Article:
Monday, July 17, 2006

Weight Gain and Cancer

Here's an interesting release from WebMD via FoxNews:
It is increasingly clear that maintaining a healthy weight throughout adulthood is one of the best things women can do to protect themselves against breast cancer.

Findings...show that weight gain during adulthood is a strong risk factor for breast cancer. Researchers also found that weight loss after menopause helped lower breast cancer risk. Gaining 55 pounds or more after age 18 was associated with a 45 percent increase in breast cancer risk after menopause over women who maintained a healthy weight throughout their 20s, 30s, and 40s.

Apparently, the reason for the connection between weight gain and cancer has to do with increased estrogen circulation in the body after menopause when one weighs more than she should.
Estrogen fuels the growth of most breast cancers. All women produce estrogen during their reproductive years primarily by the ovaries. But after menopause, circulating estrogen levels drop dramatically and the main estrogen source comes from the body’s fatty tissue. The more body fat a woman has after menopause the more estrogen she will have circulating.

The researchers estimate that for all the women included in their study, 15 percent of breast cancer cases may be linked to a gain in weight of 4.4 pounds or more since age 18, and 4.4 percent of cases for similar weight gain since menopause.

For women who didn’t use postmenopausal hormones, the percentages were 24 percent for weight gained since age 18 and 7.6 percent for weight gained since menopause.

But they also found that the biggest gainers often had the most aggressive cancers.

I wonder if they've compared this study with the last one I cited about the relationship between light at night and beast cancer. Since the above study was conducted on nurses, chances are good that a significant proportion worked at night thereby being exposed to light at night and suffering from disrupted sleep cycles. The reason I ask is because I had recently seen a study about the link between insomnia and weight gain, although as I type here in the middle of the night, I make a mockery of that statistic. (Of course, I'd rather be asleep than mocking anything!) How many of the overweight nurses that suffered from cancer also worked at night or otherwise were affected by disrupted sleep cycles?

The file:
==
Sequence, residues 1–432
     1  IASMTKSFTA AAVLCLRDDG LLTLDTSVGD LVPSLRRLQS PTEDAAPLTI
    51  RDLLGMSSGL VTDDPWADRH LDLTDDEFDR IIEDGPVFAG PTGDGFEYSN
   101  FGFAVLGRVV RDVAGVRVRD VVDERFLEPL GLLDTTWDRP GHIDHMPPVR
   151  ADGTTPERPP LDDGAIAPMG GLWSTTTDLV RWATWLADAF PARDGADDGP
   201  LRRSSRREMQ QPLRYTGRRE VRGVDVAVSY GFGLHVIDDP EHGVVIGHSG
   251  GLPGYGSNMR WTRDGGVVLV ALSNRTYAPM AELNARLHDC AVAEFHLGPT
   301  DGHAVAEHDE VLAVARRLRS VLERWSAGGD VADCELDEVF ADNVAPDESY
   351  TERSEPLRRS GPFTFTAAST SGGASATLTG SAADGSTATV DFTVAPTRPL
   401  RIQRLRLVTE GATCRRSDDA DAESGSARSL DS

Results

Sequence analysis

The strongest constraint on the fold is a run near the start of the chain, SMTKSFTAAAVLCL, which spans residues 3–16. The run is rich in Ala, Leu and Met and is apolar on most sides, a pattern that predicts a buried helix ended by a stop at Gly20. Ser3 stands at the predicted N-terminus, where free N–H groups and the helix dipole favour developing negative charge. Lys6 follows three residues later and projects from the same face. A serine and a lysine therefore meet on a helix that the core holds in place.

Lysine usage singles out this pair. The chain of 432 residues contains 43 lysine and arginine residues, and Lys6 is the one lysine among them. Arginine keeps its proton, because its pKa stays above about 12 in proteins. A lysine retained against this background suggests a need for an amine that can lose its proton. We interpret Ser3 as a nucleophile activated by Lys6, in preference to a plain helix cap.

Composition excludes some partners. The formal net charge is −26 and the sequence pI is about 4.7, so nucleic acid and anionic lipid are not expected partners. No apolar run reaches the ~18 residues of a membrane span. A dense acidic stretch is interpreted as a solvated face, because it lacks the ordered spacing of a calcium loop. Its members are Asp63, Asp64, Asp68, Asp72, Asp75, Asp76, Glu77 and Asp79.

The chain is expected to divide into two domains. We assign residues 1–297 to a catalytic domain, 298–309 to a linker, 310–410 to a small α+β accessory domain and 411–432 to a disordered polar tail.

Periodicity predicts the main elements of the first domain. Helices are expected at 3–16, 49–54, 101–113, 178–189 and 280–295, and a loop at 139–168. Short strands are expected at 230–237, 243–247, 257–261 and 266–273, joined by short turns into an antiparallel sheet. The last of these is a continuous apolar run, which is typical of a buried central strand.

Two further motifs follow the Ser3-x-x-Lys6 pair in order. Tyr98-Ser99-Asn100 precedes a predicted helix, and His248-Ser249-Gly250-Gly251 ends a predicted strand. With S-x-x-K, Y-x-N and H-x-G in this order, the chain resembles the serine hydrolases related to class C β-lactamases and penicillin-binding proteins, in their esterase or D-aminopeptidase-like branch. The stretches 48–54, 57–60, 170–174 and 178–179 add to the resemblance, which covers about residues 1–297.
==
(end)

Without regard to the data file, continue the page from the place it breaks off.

I'm also a little concerned about this expectation that one should weigh within four pounds of her college freshman year weight (18 years of age) until menopause. How many people actually weigh within four pounds of their college entrance weight through their forties? That just seems a stiff expectation. Personally, there is no way I could ever weigh that again, nor would I want to. I'm happier the way I am now, quite frankly.

Well, I'm going to try to catch some zzzz's now myself. Here's hoping that I've remained coherent and lucid throughout this post. Hope all of you are sleeping well, keeping your weight down and otherwise snubbing your noses at yet another study over which we're supposed to worry. Please don't lose any sleep over it.

1 Comments:

At 7/17/2006 1:40 PM, Blogger Donviti said...

i heard something that with girls the later they have their period the less the chance they have of cancer. Said that girls are having it younger and younger and it may be due to a sedintary lifestyle now so prevalent in American kids these days....

 

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